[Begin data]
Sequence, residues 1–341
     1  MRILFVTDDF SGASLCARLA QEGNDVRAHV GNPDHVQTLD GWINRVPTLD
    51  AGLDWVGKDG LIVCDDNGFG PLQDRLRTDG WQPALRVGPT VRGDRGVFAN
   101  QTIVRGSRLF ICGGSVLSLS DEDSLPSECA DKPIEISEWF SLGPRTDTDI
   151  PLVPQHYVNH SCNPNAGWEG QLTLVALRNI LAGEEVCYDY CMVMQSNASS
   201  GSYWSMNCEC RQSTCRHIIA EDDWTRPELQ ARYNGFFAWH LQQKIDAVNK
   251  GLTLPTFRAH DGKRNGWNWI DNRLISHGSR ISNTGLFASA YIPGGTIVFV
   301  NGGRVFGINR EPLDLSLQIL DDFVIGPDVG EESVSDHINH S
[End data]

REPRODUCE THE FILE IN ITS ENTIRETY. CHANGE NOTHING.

Sequence, residues 1–341
     1  MRILFVTDDF SGASLCARLA QEGNDVRAHV GNPDHVQTLD GWINRVPTLD
    51  AGLDWVGKDG LIVCDDNGFG PLQDRLRTDG WQPALRVGPT VRGDRGVFAN
   101  QTIVRGSRLF ICGGSVLSLS DEDSLPSECA DKPIEISEWF SLGPRTDTDI
   151  PLVPQHYVNH SCNPNAGWEG QLTLVALRNI LAGEEVCYDY CMVMQSNASS
   201  GSYWSMNCEC RQSTCRHIIA EDDWTRPELQ ARYNGFFAWH LQQKIDAVNK
   251  GLTLPTFRAH DGKRNGWNWI DNRLISHGSR ISNTGLFASA YIPGGTIVFV
   301  NGGRVFGINR EPLDLSLQIL DDFVIGPDVG EESVSDHINH S